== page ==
A brother and sister together outdoors in the winter, laughing.

Air Emission and how they impact environmental characterization and assessments.


Air pollution is a mixture of gases and particles that can be harmful when concentration levels reach above-average degrees. This is caused by air pollutant emissions coming from various sources. These pollutants can be from primary emissions, which means it results from pollutants released directly into the atmosphere, or from chemical interactions involving precursor substances. Some common examples of pollutants include smoke, soot, methane, carbon dioxide, and pollen [1,2].

The relationship between air emissions and air quality is very complicated. It depends on a number of factors, including chemical transformations, weather, topography, emission heights, and any hemispheric or natural contributions [1,2].

Table Of Contents

The Environmental Protection Agency (EPA) sets up air quality standards in order to protect the health of the public, especially those of “sensitive” populations such as the elderly, the young and those with respiratory conditions. Below is a list of the six common air pollutants identified by the Environment Protection Agency [3]:

  1. Nitrogen Dioxide (NO2)
  2. Lead (Pb)
  3. Sulfur Dioxide (SO2)
  4. Ozone (O3)
  5. Carbon Monoxide (CO)
  6. Particulate Matter (PM)

Where does air emissions come from?

Various activities and occurrences cause air pollution. Human activities, like the operation of vehicles, agricultural practices, and industrial processes, as well as natural events like wildfires and volcanic eruptions, all contribute to the air quality, and consequently, the health of the public. There are four primary sources of air pollutant emissions: area sources, mobile sources, natural sources, and stationary sources [45].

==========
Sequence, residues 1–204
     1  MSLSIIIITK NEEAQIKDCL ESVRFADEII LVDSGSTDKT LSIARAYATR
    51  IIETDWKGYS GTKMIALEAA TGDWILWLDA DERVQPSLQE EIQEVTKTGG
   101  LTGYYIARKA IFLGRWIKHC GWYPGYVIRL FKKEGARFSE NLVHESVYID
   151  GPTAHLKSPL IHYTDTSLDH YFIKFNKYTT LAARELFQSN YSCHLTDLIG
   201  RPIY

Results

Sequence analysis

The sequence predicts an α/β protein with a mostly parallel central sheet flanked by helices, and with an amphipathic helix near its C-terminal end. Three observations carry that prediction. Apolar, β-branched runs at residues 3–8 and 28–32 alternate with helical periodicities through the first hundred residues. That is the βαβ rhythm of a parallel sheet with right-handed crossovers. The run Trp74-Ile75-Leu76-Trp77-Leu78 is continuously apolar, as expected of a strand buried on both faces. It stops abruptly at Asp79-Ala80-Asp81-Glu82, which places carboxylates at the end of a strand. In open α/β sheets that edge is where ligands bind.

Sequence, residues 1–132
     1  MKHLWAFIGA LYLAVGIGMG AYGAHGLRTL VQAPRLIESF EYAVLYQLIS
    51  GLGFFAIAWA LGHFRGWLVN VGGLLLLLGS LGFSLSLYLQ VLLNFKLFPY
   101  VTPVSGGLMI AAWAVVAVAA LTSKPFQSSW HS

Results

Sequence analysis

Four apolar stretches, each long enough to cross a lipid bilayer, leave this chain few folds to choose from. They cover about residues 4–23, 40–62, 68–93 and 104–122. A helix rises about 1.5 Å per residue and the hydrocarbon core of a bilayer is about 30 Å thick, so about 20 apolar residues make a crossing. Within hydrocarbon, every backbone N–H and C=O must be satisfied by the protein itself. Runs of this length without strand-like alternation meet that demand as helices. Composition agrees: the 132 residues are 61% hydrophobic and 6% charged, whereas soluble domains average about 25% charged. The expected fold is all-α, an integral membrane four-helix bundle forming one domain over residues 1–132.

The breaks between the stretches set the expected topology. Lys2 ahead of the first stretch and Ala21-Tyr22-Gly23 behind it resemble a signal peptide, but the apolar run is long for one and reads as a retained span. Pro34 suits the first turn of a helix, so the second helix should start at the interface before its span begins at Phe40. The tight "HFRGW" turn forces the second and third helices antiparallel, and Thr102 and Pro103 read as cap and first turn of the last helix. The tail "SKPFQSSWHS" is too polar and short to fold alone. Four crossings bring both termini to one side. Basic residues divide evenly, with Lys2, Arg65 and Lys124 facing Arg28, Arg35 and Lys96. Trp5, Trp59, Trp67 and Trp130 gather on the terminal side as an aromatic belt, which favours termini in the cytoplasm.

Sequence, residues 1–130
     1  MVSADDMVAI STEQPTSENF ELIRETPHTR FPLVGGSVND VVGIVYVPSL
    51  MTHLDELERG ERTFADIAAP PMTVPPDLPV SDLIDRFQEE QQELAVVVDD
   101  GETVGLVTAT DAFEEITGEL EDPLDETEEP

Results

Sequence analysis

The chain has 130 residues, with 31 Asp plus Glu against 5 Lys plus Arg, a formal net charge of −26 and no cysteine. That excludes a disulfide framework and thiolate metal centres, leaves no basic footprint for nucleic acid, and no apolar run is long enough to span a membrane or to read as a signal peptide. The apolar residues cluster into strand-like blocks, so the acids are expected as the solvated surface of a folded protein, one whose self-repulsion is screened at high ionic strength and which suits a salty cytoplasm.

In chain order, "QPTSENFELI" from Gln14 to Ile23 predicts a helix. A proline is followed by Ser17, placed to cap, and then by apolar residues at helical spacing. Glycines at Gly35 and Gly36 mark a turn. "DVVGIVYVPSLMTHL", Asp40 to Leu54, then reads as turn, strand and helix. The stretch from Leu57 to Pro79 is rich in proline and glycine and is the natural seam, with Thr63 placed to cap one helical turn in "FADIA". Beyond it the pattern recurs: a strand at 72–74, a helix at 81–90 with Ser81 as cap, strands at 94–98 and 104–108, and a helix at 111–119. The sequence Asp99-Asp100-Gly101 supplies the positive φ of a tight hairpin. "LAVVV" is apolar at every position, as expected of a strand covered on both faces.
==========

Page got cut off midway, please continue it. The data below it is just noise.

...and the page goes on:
In Utah the cold air is trapped in the valley and the air above creates a seal that keeps air and pollution from rising.

Area Sources

Area sources refer to a collection of similar emission units in a particular given area. It represents the small and numerous individual sources that produce air pollutants that have similar properties. Examples of area sources include gas stations, dry cleaners, automobile refinishing operations, and residential sources like a family lawnmower or barbecue grills. Natural area sources include wildfires and other natural occurrences. Although these individual sources in itself are relatively harmless due to its small amount, they become potential threats when their emissions are taken collectively [6,7].

Mobile Sources

Mobile sources refer to emissions produced by motor vehicles and are divided by the EPA into two categories: on-road and non-road vehicles. Examples of on-road mobile sources are private cars, motorcycles, and commercial buses and trucks. Non-road mobile sources include marine vessels, locomotives, heavy equipment, aircraft, small engines, tools like lawnmowers, and recreational vehicles like snowmobiles [8].

Natural Sources

Natural sources are sources derived from occurrences or phenomena found in nature hence the name natural sources. Examples of this source include wind-blown dust, wildfires, and volcanoes [5].

Stationary Sources

Refineries, boilers, power plants, and factories fall under this category. Air pollutants from these sources are emitted into the atmosphere through a number of ways, which include chemical processes, fossil fuel combustion, and fertilizers, among others. The Clean Air Act points to the Environment Protection Agency to manage the emissions from these sources by establishing and executing standards and guidelines. The most damaging contaminants from these sources are nitrogen oxides, sulfur dioxide, particulate matter, and synthetic compounds [910].

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